In English we say sweet pea, peaches, pumpkin, muffin, cupcake, sugar and of course sweetie-pie, cutie-pie, honey-pie, pookie-pie… (hmm, such pie lovers… I’m beginning to suspect the first English speaking Romeos were hobbits).

The French say “mon petit chou” or “my little cabbage”, while the indonesians say “buah hatiku”, meaning “fruit of my heart”. Italians at times call their loved one “fragolina” (little strawberry).  In Spain a “media naranja” is your “other half”, but is more literally half of an orange!

Looking at some of the things the dwarves of Thorin’s company ask Bilbo to bring them in the Hobbit we could come up with the following:

tablkasabê” “my apple-pie”

kafhfantsadzê” “my coffee bean”

hulwulkasab” “sweet cake”

D) Valuables

Real world examples:
The Dutch “schatje”, or the Flemish version of it “schatteke”, mean “my little treasure”.

Now if there is something dwarves know everything about it is hoarding treasure.

In addition, their love is a fiercely jealous one (”a fierce and jealous love, the desire of the hearts of the dwarves”), so what about:

bunnanunê” “my tiny treasure”

rakl-gunru” “precious property” (word of warning - to be used very carefully)

mamamshul-‘ibinê” “my hoarded gem”

sanzigil-kaiku” “mithril chuck”

‘ibinê” “my gem”

E) The round or tiny

Real world examples:
The Flemish “mijn bolleke”, meaning “my little round thing” is no exception. In some countries roundness is greatly emphasized in loving affections, like in Ecuador where you would call your girlfriend “gorda” (fat girl) and boyfriend “gordo” (fat boy).

The French go for the tiny “ma puce”, meaning “my flea”. And the Italians (always eager to outdo the French), will go even tinier than fleas and lovingly say “microbino mio” (my little microbe). Persians believe you can be so cute that you are in fact smaller than a mouse. So small that you can lovingly say “moosh bokhoradet” or “may a mouse eat you”.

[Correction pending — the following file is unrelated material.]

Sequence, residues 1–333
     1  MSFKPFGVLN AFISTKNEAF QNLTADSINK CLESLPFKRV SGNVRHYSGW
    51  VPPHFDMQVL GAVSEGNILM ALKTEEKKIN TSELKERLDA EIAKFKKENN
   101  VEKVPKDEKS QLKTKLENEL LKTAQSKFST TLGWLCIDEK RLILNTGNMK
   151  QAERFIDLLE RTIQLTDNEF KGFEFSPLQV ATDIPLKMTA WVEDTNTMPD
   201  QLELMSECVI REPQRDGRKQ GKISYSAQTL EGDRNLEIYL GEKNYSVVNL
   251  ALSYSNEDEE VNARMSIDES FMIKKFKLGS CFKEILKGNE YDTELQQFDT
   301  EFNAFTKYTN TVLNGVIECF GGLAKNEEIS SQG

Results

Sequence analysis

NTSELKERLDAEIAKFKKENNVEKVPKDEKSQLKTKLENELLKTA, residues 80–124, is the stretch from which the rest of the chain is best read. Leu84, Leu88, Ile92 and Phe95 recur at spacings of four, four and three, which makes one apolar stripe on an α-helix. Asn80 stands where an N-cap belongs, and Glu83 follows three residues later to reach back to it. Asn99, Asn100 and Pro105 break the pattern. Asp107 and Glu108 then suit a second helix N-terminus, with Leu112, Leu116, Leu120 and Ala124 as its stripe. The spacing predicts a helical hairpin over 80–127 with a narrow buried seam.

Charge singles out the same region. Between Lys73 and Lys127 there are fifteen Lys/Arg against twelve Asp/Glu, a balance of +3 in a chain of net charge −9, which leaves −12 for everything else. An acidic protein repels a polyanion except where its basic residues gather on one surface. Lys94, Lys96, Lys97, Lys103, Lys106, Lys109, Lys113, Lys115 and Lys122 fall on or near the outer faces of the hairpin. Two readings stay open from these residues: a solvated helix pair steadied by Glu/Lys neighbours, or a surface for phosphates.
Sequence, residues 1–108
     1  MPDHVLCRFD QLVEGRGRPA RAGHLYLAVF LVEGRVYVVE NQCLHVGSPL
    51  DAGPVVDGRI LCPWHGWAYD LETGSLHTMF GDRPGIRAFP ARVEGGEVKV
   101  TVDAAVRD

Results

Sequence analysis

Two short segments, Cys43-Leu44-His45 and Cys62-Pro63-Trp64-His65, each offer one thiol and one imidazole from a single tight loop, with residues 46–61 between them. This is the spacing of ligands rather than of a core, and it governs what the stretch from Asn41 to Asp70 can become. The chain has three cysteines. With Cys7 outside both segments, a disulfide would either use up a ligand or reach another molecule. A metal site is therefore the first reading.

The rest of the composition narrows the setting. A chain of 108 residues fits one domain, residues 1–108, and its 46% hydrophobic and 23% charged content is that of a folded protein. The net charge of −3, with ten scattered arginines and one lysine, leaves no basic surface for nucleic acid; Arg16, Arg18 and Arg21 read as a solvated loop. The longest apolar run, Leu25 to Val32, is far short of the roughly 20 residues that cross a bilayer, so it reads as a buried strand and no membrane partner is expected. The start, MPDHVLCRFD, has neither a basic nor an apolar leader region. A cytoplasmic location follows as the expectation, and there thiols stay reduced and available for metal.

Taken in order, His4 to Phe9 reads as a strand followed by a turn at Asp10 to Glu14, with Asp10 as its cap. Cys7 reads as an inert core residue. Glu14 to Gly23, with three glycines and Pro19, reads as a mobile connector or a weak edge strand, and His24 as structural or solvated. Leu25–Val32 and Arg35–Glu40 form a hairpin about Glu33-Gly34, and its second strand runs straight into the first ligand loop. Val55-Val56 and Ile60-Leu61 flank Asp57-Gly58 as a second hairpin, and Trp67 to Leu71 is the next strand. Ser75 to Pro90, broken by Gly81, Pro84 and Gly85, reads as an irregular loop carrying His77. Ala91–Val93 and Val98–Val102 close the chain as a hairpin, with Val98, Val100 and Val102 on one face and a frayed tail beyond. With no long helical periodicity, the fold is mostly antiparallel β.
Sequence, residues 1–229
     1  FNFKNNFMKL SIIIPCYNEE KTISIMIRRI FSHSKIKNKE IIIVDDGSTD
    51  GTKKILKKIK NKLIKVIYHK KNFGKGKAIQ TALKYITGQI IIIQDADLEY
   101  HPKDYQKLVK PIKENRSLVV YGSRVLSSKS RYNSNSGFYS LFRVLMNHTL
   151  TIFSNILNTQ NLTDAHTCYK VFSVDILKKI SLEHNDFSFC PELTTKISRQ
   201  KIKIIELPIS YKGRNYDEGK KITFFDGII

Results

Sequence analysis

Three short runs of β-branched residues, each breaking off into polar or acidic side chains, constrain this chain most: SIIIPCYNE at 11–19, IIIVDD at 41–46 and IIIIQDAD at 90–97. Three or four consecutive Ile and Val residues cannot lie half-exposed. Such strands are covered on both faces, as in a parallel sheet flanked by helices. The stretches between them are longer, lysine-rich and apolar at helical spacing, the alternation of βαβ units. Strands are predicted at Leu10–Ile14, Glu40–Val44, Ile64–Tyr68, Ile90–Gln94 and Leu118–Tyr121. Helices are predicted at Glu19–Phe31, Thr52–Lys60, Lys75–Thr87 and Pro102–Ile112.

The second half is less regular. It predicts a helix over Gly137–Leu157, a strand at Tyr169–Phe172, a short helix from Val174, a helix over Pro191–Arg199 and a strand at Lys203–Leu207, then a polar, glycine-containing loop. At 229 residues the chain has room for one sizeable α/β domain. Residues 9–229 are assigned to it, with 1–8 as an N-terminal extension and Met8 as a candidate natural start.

Dwarves can indeed become very round (obese) when they become very rich. So I have no doubt dwarves can relate to the endearing terms related to volume, seeing that it may even be a status symbol in their culture.

finitkutnanzâg” “wide belt” (likely for the males this one)

duftûnayê” “my fat lady” (word of warning – I take no responsibility whatsoever if you use this and end up with a black eye or some missing teeth) duftûnê” being the male version.

F) The somewhat nauseating….

Words like “sweetheart”, or “snuchums” are (for some) on the very edge of what the stomach can tolerate.

“Cariad”, the Welsh for “sweetheart”, or the Spanish “amorcito” (“my little love”) may be on the right side of that edge (depending on your personal taste of course).

Let’s think of a few Dwarvish alternatives:
thundanûd” “tiny embrace” (incidentally also means “tiny arms”)
merlar” “supreme love”
marali “ “element of (the) love (passion)”
‘ukrad” “greatest heart”

and let’s not forget the somewhat naughty…

There are terms of endearment reserved for more private intimate moments. Dwarves would be no different; in fact considering their jealous love and fondness of secrecy I believe some of these could even be quite popular behind closed doors.

‘arsûn” (“hot one”, “he that is hot”), “ ‘arsûna” being the female version. (I couldn’t help throwing in the above picture of our resident “hot dwarf” for the fans out there you are welcome ladies.)

amrâlul-kakhaf” “lovely bottom”

galthûn” (”delicious one”, he that is delicious), or “galthûna” (f)

mamahmarlûna”  “she who has been made love to”, “mamahmarlûn” being the male version of this.

I hope that answers your question Anon.

Ever at your service,

The Dwarrow Scholar